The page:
The clerics maintained that the public should be the drivers of the constitutional change.
“Kenyans, and not politicians, should be the drivers of this process, which should be initiated and moved at county level rather than big Bomas (of Kenya)-type meetings that often end up being infiltrated by partisan interests.”
The cleric cited Chapter Six on Leadership and Integrity in conjunction with Article 10 on National Values as sections that needed to be changed, saying the Leadership and Integrity Act needed to be elevated to meet the aspirations of Kenyans.
Kariuki has written to National Asssembly Speaker Justin Muturi seeking fewer counties that will be headed by a provincial governor, while Mr Mogaka is proposing a reduction of ministries to a maximum 22, saying this will reduce the public wage bill through a lean Executive.
The MP also wants Cabinet secretaries to be called Cabinet ministers, and proposes that they should be picked from Parliament.
The West Mugirango MP also wants to change the system of governance from the current presidential to a hybrid model.
“The objective of the Bill is to reduce the bloated public wage bill and also ensure that MPs have an opportunity during question hour to ask Cabinet ministers questions on issues affecting their constituents,” he said.
Tiaty MP William Kamket (Kanu) proposes creating the position of an executive prime minister as head of Government, scrapping the position of deputy president and establishing two deputy prime minister posts.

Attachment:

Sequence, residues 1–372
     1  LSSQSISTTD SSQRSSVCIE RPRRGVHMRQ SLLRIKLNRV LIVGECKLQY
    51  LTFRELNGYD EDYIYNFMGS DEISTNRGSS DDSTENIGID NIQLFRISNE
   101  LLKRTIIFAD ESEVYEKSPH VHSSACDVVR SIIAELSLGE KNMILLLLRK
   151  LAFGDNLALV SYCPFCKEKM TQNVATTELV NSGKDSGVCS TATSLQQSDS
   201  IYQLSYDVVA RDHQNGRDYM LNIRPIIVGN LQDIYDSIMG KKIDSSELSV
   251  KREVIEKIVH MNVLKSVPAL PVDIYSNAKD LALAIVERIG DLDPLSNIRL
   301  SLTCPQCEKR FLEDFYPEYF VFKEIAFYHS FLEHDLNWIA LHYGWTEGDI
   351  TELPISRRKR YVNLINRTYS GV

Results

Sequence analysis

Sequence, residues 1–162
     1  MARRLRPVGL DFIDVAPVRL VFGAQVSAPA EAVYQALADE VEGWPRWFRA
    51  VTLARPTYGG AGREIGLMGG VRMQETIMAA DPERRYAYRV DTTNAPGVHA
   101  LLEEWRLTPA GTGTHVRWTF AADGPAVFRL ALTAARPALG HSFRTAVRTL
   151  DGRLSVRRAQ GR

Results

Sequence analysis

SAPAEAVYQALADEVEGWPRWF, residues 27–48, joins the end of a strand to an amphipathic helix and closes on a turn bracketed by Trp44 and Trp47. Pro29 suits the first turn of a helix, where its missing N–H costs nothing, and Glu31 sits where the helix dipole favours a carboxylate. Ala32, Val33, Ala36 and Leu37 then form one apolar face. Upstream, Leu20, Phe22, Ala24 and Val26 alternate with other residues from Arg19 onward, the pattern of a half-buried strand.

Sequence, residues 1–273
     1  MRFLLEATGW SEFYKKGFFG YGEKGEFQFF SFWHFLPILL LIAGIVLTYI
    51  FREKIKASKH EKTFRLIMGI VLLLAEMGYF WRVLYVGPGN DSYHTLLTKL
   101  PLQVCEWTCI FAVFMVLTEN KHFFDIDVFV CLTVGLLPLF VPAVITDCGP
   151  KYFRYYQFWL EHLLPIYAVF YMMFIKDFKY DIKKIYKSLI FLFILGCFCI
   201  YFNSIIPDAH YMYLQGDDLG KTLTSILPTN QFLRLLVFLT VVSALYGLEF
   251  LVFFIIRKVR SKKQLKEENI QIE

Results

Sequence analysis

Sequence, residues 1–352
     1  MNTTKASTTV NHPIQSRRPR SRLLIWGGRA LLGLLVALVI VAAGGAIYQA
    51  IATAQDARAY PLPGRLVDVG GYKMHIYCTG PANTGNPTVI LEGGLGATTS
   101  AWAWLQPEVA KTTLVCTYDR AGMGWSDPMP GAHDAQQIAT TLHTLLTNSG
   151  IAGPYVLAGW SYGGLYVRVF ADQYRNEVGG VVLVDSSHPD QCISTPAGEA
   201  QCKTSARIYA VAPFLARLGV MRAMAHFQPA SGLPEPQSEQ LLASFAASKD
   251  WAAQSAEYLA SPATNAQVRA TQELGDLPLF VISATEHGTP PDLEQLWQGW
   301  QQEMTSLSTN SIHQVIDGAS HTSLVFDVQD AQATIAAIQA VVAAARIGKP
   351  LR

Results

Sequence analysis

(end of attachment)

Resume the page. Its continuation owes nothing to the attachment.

The proposal further seeks to limit a president to a one seven-year term in office – from the current two five-year terms – and have the holder preside over ceremonial functions.
Soy MP Caleb Kositany also wants the Senate as well the positions of nominated MP and MCA scrapped to address the ballooning wage bill.
Yesterday, Deputy President William Ruto and Raila’s allies clashed over the changes, with the DP’s camp dismissing the proponents.
This came as Wiper party leader Kalonzo Musyoka also supported the review, saying “the winner takes it all approach has plunged the country into ethnic violence as some people feel excluded from the Government”.
“Any opportunity for dialogue is important. I support such initiatives, even the Building Bridges Initiative,” Kalonzo said on a local television show on Tuesday.
Senate Leader of Majority Kipchumba Murkomen said it was impossible to have a referendum because it was not a priority at a time when the country was struggling with budget cuts.
“It must be remembered that our 2010 Constitution was arrived at after intense and prolonged consultations. A planned referendum, therefore, cannot just happen easily considering that the proposed areas of amendments are as many as the Kenyan population,” Mr Murkomen told The Standard.
“Besides, at a time when the conversation is about financial prudence, it’s impossible to get a budget for an exercise that is not anywhere near the priority areas for Kenya. We also don’t have a functional IEBC to supervise any elections let alone a referendum.”
But National Assembly Leader of Minority John Mbadi said the DP could not stop a referendum should Kenyans feel that was the way out of their current problems.
“What is coming out is that Kenyans feel it is time to change the Constitution. The proposals are a sign of frustration of our current system,” he said.